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Anemia in Horses Part 2: Causes of Anemia in Horses

Anemia in horses is rarely discussed outside of racing circles, but is an insidious condition with significant impact on a horse’s health and performance ability. In this five part series, we will provide a comprehensive look at equine anemia: what anemia is and how it affects horses, what causes equine anemia, signs and symptoms, ulcers and anemia, and treatments. Subscribe to the SUCCEED blog to follow the complete series.

Anemia in general is a multi-faceted condition with various types and causes, and the same rings true for the anemic horse. Anemia is always a symptom of a larger health issue that needs to be identified and resolved. Once anemia is diagnosed, it’s critical to continue working with your veterinarian to determine the type of anemia and the health problem that is causing it.

Anemia means that your horse has a decrease in red blood cell mass. One commonly used indicator is the packed cell volume (PCV), which measures percentage of red blood cells in a sample. The normal range for horses is for 32-48% of blood to be made up of red blood cells; horses with levels below 30% are typically considered anemic. Keep in mind that the level that indicates true anemia is somewhat subjective and varies from horse to horse. Be sure to review part 1 of this series, What is Equine Anemia, to brush up on just what anemia is, what levels may constitute anemia, and why it matters if your horse is anemic.

Three Causes of Anemia in Horses

In the broadest terms, there are three causes of anemia in horses: blood loss, blood destruction, and reduced red blood cell production. Here’s a closer look at each of these, and a sample of the conditions that can cause them.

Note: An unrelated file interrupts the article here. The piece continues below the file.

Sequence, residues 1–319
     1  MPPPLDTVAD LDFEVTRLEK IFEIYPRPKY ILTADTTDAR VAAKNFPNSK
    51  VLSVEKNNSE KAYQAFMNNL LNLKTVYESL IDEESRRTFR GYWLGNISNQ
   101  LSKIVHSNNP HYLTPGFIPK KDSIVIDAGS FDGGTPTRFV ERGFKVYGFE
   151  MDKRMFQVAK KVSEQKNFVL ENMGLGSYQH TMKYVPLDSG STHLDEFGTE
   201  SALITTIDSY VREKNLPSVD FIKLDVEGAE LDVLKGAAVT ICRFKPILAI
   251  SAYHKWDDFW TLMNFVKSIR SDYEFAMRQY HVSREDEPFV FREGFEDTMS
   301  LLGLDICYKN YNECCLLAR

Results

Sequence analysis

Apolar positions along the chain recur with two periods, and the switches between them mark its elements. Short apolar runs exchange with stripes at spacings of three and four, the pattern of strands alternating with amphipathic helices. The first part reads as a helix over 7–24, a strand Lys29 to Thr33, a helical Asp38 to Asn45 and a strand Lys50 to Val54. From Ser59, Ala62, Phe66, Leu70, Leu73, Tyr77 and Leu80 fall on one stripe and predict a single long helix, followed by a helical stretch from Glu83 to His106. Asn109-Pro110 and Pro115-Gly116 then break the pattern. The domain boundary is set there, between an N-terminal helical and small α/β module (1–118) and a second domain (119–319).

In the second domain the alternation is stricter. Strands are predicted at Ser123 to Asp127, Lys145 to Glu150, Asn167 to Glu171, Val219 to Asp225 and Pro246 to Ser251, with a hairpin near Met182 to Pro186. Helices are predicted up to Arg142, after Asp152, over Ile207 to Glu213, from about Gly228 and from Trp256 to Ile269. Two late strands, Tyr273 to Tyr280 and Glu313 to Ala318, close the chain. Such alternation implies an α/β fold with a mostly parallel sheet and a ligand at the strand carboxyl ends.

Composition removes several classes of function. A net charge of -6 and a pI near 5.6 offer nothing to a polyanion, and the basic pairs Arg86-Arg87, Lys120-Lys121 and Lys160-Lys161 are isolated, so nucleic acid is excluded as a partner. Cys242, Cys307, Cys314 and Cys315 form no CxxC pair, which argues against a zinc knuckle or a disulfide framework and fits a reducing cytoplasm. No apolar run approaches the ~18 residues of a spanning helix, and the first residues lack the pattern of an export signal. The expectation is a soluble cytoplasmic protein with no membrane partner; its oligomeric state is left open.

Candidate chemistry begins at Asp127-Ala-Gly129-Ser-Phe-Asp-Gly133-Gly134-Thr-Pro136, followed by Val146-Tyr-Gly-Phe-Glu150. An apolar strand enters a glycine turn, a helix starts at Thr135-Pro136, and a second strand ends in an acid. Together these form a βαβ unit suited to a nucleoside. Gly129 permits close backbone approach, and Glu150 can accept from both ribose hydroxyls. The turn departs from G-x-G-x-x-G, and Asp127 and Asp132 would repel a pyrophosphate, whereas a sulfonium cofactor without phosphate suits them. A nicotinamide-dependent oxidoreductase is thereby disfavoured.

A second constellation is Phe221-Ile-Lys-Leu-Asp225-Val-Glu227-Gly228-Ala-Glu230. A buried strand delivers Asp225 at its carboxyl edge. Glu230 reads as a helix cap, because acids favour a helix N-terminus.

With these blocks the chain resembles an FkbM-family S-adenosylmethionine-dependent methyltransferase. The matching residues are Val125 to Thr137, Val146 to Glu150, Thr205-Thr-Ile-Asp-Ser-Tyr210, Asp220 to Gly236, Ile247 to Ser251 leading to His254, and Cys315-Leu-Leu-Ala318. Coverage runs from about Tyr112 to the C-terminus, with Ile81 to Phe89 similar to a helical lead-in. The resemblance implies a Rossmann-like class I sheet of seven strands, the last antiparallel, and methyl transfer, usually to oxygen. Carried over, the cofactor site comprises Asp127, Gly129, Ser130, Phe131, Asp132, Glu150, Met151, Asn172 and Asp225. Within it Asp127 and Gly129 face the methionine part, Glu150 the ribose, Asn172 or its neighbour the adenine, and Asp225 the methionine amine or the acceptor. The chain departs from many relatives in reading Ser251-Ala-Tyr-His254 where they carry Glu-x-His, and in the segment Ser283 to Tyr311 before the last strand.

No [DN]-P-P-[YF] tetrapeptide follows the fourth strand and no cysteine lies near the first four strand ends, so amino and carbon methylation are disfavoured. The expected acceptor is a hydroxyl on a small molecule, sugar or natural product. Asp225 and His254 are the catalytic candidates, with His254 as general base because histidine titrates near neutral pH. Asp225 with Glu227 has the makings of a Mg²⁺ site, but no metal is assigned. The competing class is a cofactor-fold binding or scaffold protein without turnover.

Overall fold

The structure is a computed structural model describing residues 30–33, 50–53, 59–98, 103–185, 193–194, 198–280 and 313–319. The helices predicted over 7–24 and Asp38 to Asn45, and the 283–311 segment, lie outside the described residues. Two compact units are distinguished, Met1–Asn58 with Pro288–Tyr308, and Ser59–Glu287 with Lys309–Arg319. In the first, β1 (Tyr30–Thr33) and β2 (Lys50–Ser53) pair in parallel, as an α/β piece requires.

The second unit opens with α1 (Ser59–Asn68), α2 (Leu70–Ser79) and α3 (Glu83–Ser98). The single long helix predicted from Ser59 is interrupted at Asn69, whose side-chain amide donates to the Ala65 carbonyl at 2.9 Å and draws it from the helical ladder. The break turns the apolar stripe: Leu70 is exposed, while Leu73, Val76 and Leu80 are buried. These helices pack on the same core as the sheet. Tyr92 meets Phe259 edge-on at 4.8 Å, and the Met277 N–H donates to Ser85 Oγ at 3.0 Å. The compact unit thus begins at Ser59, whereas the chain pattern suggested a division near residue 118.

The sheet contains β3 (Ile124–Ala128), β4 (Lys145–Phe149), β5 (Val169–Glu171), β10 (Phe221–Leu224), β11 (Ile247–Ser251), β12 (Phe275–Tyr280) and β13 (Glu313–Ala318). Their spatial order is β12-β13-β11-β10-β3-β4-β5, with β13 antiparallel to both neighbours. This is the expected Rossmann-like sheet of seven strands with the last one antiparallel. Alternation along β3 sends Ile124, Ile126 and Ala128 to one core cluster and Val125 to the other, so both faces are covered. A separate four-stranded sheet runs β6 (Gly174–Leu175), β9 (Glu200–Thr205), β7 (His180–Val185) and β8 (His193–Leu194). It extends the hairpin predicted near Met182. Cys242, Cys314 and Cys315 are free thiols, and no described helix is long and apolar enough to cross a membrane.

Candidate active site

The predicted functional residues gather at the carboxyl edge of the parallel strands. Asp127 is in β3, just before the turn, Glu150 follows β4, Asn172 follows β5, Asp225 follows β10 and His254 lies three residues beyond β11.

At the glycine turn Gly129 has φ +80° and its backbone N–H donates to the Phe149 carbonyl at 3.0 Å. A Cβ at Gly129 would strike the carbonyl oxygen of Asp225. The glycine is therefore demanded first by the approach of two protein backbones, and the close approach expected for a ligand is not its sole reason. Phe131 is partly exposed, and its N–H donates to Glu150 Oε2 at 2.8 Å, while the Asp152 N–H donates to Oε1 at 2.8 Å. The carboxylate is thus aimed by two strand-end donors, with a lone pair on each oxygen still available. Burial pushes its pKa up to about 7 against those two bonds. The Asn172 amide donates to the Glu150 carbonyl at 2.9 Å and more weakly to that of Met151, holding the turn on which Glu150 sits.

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Anemia Due to Blood Loss

Losing blood from an injury or health condition may put a horse at risk for anemia. When a horse loses blood, it loses red blood cells and plasma. The plasma is quickly topped off (a drink of water will do the trick), but the new red blood cells have to be created in the bone marrow – and that takes time.

Any type of internal or external bleeding could lead to anemia. It is generally classified as either acute (rapid onset) or chronic (persistent or long-lasting).

Causes of acute blood loss anemia include:

  • traumatic injury
  • ruptured blood vessels
  • exercise-induced pulmonary hemorrhage
  • perforated ulcer
  • surgery

Causes of chronic blood loss anemia include:

  • gastric and colonic ulceration
  • parasites
  • chronic inflammatory disease
  • coagulation or platelet disorders

Once the cause of blood loss has been identified, treated, and resolved, red blood cell counts will generally return to normal within 2-6 weeks.

Blood loss anemia is by far the most common cause of anemia in horses. However, if your veterinarian rules out these potential causes, he or she will also consider anemia as a result of either blood destruction or lack of production.

Anemia Caused by Blood Destruction (Hemolytic Anemia)

Anemia in horses may also be caused by conditions that destroy blood, also known as hemolytic anemia or hemolysis. In hemolytic anemias, blood is destroyed faster than new red blood cells can be produced.

Most owners are familiar with Equine Infectious Anemia (EIA), which is what a Coggins test checks for. EIA is a viral disease that attacks the immune system, destroying blood in the process. Thanks to the use of the Coggins test, EIA is very rare (though not unheard-of) in the United States.

Other potential causes of hemolytic anemia include:

  • parasites
  • auto-immune disorders
  • chronic infections
  • septicemia
  • toxins
  • congenital red blood cell abnormalities

Anemia Caused by Reduced Red Blood Cell Production

If a horse’s body isn’t producing enough red blood cells, the result is obviously anemia. The most common cause of reduced red blood cell production is chronic inflammation. Chronic inflammation is commonly related to conditions such as abdominal or hoof abscesses, cellulitis, pneumonia, and peritonitis. This happens because the body sequesters iron, which is necessary for red blood cell production, away from the infected areas.

Other potential conditions that may reduce red blood cell production in horses include:

  • bone marrow disease
  • cancer
  • kidney disease or failure
  • nutritional deficiencies
  • iron deficiency (extremely rare in horses)

This type of anemia is typically mild to moderate.

Next Up: Signs and Symptoms of Anemia in Horses

You now have a better understanding of what anemia in horses is and the many potential conditions that can cause it. Now it’s time to learn what signs and symptoms your horse may display that may indicate anemia, as well as how anemia can affect your horse’s health and performance. Be sure to subscribe to the SUCCEED Blog and check back for Part 3 of this series: Symptoms of Anemia in Horses.


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